• Fri. Dec 1st, 2023

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Freezing insurance premiums won’t work: Opinion

Provide one-time grants or tax relief to cash-strapped consumers instead of price controls

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Canadians feeling the pinch of high prices want their politicians to take immediate action to relieve the pain. The simple-minded policy is to cap prices. Temporary price freezes have been suggested for cell phone charges, gasoline and food products, to name a few. Don’t do it, governments! Be smart: Avoid price controls and, if you feel you really must act, provide one-time grants or tax relief to cash-strapped consumers.

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Even in Alberta, with its well-known entrepreneurial, competitive spirit, politicians have succumbed to populist, Soviet-style price controls. At the end of January, Matt Jones, minister of affordability and utilities — yes, we’ve got a department by that name! — couldn’t resist trotting out an auto insurance premium freeze until the end of 2023 to help Albertans cope with inflation. It was a shock for property insurance companies that the United Conservative Party government would re-introduce a failed NDP policy that in 2017 froze insurance premiums for two years.

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The NDP freeze did little in the end. With margins being squeezed by rising auto repair and personal injury costs, insurance companies had to cut costs by, for instance, denying high-risk drivers insurance or dropping optional coverage. Once the price cap was lifted, insurance premiums soared, increasing by over 10 per cent as companies that had elected to stay in Alberta — not all did — made up for their rising car repair and personal injury costs during the freeze. After the Kenney government introduced reforms in 2020, insurance premiums settled down to a reasonable rate of increase: just 2.8 per cent in 2022 compared to Canada’s 6.9 inflation rate.

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So why did insurance premiums become an issue for the UCP government? One likely reason is an EY report commissioned by the state-owned Insurance Corporation of British Columbia (ICBC) that compared insurance rates for 27 driver profiles in two to five cities in each province (not including Quebec) as of September 1, 2022. Not surprisingly, it concluded that B.C. generally had the lowest insurance premiums with Alberta near the highest — a widely-noted result that sparked Minister Jones’ January decision to freeze.

The EY report had three fundamental flaws in my view. First, it excluded discounts from the analysis. This is potentially quite important since private property insurance companies offer a host of discounts, including for buying multiple insurance plans for home, car and other property. ICBC, by contrast, offers only auto insurance. Second, EY obtained five quotes for each case but used the average of the second and fourth quotes rather than an average of all five quotes. Maybe that was cherry-picking, maybe not. Third, the report makes clear that the products it compared across provinces are not all the same in terms of benefits, but no adjustment was made for these differences.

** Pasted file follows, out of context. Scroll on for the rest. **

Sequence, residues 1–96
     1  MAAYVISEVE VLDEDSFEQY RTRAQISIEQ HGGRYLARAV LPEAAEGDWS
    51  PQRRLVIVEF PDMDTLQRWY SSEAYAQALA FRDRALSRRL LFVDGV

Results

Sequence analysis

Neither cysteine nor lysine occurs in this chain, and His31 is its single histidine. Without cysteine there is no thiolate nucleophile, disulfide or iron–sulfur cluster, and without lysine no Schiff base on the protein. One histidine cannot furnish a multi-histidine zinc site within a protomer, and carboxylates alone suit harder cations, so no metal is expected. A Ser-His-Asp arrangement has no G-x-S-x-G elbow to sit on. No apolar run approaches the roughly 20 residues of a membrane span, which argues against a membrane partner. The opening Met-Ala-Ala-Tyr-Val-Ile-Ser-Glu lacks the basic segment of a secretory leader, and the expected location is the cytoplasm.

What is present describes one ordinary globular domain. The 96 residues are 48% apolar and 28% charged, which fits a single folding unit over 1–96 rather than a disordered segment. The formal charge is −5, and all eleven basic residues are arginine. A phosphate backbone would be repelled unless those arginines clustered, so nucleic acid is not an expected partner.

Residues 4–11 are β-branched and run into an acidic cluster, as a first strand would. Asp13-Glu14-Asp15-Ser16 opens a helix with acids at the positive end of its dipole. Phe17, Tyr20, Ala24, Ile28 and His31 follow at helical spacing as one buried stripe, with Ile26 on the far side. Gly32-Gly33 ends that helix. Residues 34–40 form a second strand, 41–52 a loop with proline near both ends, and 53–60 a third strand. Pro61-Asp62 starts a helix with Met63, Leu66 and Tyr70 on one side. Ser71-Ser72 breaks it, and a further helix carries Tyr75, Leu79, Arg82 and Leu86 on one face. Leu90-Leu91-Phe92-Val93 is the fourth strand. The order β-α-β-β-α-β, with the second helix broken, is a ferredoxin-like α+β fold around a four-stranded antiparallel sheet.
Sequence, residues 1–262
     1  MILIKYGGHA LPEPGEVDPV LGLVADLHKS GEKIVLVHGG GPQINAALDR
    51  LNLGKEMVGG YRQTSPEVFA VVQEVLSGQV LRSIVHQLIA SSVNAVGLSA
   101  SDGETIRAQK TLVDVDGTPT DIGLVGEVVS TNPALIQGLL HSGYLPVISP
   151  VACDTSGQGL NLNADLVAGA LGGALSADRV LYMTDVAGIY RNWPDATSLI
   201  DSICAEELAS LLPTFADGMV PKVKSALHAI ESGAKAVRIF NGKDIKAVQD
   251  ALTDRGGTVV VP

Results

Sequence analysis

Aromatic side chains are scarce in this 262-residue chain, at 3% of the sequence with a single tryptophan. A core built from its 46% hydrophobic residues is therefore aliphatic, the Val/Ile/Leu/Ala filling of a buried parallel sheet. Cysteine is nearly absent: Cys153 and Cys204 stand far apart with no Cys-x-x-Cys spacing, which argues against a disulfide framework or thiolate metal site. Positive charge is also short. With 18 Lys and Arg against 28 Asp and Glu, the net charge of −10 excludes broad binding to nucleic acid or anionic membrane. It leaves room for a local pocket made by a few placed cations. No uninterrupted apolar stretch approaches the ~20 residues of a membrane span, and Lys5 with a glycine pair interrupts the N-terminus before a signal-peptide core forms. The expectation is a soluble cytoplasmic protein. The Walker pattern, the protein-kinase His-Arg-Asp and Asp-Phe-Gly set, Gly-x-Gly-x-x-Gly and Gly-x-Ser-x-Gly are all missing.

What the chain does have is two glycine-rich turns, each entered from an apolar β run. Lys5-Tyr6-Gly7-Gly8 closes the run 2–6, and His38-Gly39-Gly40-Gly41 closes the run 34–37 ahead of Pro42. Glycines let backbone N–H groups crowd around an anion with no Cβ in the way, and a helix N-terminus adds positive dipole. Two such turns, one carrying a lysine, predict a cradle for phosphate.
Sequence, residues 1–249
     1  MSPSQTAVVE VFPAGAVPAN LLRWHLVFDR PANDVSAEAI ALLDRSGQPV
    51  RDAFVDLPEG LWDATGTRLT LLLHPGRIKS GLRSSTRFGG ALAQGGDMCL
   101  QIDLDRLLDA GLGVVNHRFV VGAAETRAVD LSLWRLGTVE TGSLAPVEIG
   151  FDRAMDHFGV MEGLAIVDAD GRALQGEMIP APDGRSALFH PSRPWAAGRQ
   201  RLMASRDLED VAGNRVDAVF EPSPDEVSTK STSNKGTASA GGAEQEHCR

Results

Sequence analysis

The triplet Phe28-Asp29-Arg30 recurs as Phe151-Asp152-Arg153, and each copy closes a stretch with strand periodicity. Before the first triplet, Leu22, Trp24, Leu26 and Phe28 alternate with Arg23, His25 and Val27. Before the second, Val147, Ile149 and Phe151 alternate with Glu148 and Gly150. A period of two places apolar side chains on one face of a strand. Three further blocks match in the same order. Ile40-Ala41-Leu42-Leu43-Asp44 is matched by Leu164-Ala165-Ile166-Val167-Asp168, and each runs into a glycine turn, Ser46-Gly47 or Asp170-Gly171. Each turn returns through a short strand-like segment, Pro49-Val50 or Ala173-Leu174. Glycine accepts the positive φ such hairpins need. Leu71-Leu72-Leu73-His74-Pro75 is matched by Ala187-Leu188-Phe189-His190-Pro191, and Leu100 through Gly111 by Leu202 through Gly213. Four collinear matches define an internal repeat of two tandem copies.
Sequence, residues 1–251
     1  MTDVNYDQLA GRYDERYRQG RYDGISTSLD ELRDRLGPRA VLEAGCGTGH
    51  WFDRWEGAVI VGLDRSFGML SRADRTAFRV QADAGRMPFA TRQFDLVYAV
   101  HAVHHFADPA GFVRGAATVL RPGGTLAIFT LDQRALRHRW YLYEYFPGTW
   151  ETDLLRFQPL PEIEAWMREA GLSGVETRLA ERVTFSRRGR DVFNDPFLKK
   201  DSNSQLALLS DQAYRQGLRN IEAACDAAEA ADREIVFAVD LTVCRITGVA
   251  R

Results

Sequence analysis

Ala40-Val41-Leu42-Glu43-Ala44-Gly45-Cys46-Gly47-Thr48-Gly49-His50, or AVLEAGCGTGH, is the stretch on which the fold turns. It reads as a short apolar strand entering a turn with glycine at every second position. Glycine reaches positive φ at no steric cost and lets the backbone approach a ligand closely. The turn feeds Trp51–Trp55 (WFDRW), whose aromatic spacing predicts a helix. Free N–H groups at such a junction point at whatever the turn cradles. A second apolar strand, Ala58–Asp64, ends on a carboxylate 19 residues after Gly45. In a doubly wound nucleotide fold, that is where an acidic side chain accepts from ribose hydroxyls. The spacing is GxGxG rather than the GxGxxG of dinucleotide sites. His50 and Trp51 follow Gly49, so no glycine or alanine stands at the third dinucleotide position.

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To investigate further, I obtained data from the General Insurance Statistical Agency, which operates on behalf of insurance regulators in provinces that don’t have government auto-insurance monopolies. As the table shows, British Columbia does not have the lowest average written premium. That distinction belongs to Quebec. Alberta is on the high side, with Ontario highest. The western provinces with state-owned auto insurance monopolies have average written premiums below those in Alberta but above those in the Atlantic provinces, where private insurance still reigns.

That picture is little changed from five years ago. The key shift is in B.C.’s relative position. In 2018, ICBC had the highest average premiums among all provinces. It fell to fourth highest only after B.C. capped payments for minor injuries in 2020 and then in 2021 adopted no-fault insurance for personal injury, with limited compensation and a ban on liability claims.

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As B.C. has demonstrated, governments hoping to reduce insurance premiums can clearly do so by limiting tort rights. A well-known RAND study demonstrated, however, that the effect of no-fault insurance or capping compensation is to reduce incentives for drivers to avoid accidents. To offset such “moral hazard,” insurance policies provide higher discounts for accident-free experience, with no such breaks for new drivers, who have to establish their safety cred.

If Alberta wants to reduce insurance costs, freezing premiums is not the answer. Nor are legislative changes, such as limiting tort rights and benefit caps. Even Alberta’s insurance industry has suggested waiving coverage for financial settlement for minor injuries, which could reduce premiums by an estimated $200. However, this is just central planning in a different form by limiting the rights of victims to obtain fair compensation. Albertans will have to judge if the caps are any better than simply promoting market competition to keep insurance premiums low.

In any case, price freezes are the wrong policy. The UCP government should quickly introduce a thaw before they do significant harm.


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